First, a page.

Last month, I wrote a short article introducing the Sunland-Tujunga Safe Streets Committee to our community. I gave a brief description of Vision Zero and of the traffic goals Mayor Garcetti plans to achieve over the next ten years. I also told a quick story of how I almost landed my two boys and myself in a car accident on the way to the Safe Streets Committee meeting. Had I not been conscious of my speed, I may have been in big trouble. On the morning of September 7 a La Crescenta resident named Brad Elze was commuting to work on his motorcycle, when he was fatally struck by a car turning left onto Foothill Blvd in Tujunga. The accident is still under investigation. So far, there is no sign of “distracted driving” on either part of the drivers.
I am not particularly sure why these traffic issues seem to be affecting me so much nowadays. Is it because I joined the Safe Streets Committee? Is it because I am in my forties now, and I find myself driving slower, shaking my fist at speeders, shouting from the safety and privacy of my own car, “Slow down, you young punks!” Or is it because I realize that Brad Elze is more than just a Los Angeles traffic statistic. He was a father of two boys, just like me, who was killed in a traffic accident on his morning commute. And this happened on our Foothill Blvd, a street that has been identified by the Los Angeles Department of Transportation as one of the most dangerous streets in the entire city of L.A.
So what do we do? We need to do more than honor these victims. We need change. Vision Zero is about change. Slow and gradual change. Los Angeles Mayor Eric Garcetti’s goal is to eliminate all traffic deaths in the City of Los Angeles to zero by the year 2025. Yes, that is correct. ZERO. And how does he plan on accomplishing such an idealistic feat? His administration has brought together citywide effort from police officers, transportation engineers and policymakers to work together to make our streets safer.
Vision Zero is a “datadriven” approach to traffic that looks at all available data, informing where injuries are occurring most frequently and examining the conditions that are causing these collisions. The data resulted in the High Injury Network (HIN), a collection of streets in Los Angeles that see the most traffic injuries. Vision Zero has identified sections of our Foothill Blvd running through Tujunga and Sunland as part of the HIN. Their results and data were configured by using information from the last five years of collision reports. Since we have been identified as a HIN street, the city’s next step toward their Vision Zero goal includes conducting an in-depth analysis of these collision reports with existing environmental, or “built environment” data, such as street width, presence of street lights, etc. The findings of this analysis will activate the Vision Zero Action Plan. The “action plan” sends resources to our streets. These resources may include signalization, changes in road design, street markings, and speed control measures. By focusing resources on our streets, we can get closer to our Vision Zero goal.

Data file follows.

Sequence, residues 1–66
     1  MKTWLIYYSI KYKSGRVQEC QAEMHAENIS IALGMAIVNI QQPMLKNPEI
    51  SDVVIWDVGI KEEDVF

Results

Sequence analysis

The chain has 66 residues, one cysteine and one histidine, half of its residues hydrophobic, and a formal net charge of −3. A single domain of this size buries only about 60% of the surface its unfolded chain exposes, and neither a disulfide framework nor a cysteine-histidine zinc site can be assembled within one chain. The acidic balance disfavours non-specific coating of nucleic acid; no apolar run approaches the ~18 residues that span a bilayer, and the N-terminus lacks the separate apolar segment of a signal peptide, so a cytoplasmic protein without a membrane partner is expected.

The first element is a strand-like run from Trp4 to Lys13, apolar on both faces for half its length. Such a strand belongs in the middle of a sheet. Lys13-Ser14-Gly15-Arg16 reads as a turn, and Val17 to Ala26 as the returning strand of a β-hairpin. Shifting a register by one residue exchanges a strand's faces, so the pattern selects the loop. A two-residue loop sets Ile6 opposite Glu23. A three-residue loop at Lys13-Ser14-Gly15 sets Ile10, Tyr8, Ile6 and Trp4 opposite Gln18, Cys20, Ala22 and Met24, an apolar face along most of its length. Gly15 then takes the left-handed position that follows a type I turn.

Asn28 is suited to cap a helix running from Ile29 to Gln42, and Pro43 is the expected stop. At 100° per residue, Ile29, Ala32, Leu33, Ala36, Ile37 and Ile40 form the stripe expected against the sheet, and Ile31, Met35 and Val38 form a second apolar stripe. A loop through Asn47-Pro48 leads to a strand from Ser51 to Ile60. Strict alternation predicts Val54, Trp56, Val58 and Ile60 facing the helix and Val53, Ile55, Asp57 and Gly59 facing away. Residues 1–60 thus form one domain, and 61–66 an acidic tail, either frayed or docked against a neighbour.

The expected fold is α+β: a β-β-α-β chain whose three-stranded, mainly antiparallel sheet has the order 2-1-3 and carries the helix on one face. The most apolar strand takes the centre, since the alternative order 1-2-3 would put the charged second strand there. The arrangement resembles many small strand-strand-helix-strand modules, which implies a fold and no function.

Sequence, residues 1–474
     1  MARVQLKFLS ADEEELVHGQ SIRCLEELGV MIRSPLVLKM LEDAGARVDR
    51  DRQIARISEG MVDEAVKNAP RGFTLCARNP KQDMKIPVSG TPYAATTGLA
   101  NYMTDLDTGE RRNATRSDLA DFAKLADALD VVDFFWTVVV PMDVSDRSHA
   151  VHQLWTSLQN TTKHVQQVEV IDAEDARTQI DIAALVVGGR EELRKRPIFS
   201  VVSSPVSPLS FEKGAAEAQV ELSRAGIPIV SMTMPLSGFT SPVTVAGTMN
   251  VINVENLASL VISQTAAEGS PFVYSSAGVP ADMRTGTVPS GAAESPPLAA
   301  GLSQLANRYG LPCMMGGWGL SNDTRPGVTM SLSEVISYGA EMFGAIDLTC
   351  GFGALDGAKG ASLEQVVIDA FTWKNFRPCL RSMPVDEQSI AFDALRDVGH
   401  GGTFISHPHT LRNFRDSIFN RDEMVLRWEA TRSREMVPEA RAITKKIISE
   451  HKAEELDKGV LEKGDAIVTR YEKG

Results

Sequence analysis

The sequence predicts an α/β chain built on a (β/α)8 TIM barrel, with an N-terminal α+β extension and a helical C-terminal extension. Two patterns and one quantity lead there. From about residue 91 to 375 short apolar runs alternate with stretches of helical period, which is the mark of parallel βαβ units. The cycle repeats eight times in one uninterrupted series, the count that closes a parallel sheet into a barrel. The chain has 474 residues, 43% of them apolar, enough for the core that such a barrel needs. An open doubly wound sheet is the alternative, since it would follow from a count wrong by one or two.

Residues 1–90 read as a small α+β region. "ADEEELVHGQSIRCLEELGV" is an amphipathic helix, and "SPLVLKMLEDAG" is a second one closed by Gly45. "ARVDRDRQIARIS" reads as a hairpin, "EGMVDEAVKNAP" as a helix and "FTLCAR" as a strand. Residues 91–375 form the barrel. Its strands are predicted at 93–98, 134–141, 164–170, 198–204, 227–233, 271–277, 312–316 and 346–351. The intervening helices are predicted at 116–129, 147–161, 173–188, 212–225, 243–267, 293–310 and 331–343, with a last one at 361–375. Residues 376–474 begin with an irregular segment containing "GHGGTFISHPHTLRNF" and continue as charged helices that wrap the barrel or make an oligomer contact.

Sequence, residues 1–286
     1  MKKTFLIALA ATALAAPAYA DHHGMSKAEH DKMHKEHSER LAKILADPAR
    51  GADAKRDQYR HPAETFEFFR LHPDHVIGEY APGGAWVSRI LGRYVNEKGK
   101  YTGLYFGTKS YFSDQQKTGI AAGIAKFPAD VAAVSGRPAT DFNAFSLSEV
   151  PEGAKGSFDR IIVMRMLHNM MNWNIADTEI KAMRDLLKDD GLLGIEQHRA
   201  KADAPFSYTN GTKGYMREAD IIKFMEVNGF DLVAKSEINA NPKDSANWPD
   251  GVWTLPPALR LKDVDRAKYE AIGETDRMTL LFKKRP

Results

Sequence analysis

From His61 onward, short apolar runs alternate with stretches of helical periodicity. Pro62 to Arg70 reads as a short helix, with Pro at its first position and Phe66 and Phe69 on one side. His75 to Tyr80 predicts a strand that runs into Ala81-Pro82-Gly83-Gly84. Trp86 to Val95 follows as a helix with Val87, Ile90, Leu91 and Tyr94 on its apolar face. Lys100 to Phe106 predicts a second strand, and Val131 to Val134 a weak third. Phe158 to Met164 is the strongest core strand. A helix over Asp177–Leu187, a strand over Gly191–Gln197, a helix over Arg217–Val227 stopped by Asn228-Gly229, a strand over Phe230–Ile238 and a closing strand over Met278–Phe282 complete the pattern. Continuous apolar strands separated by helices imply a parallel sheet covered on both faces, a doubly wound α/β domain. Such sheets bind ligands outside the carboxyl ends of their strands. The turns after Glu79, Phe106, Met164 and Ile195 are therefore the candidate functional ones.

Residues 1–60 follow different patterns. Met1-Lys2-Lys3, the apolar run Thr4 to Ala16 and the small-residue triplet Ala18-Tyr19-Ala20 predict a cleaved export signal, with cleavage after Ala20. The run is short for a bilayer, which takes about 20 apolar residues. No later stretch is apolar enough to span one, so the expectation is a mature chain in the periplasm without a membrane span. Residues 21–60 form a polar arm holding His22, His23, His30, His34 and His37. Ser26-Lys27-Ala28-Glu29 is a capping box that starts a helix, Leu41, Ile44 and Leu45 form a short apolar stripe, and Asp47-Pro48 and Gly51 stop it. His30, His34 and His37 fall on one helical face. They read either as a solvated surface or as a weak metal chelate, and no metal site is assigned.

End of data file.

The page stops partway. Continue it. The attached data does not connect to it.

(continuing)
This month the Sunland-Tujunga Safe Streets Committee will be meeting with Nat Gale from Vision Zero. Nat works for the Los Angeles Department of Transportation as a civil engineer. He has worked as a transportation planner in New York City and as a geotechnical engineer in Portland, Oregon. We are proud to welcome him and his solutions to our great city.
Vision Zero is about change… and change is coming. We can start now by becoming more conscious about the HIN road we are driving on everyday. Did you even know that you are driving on a “high-injury” road? Now you do. Will that change the way you approach our intersections on Foothill Blvd? I hope so. I have become aware of the dangers of left turns onto Foothill Blvd. The woman who almost hit me and my sons last month was making a left turn onto Foothill Blvd from the library parking lot. Brad Elze was hit by a PT Cruiser making a left turn onto Foothill Blvd at 5:30 in the morning. Please be aware of the HIN street you are driving on, and take time to notice the risks you take when making a left turn onto Foothill Boulevard.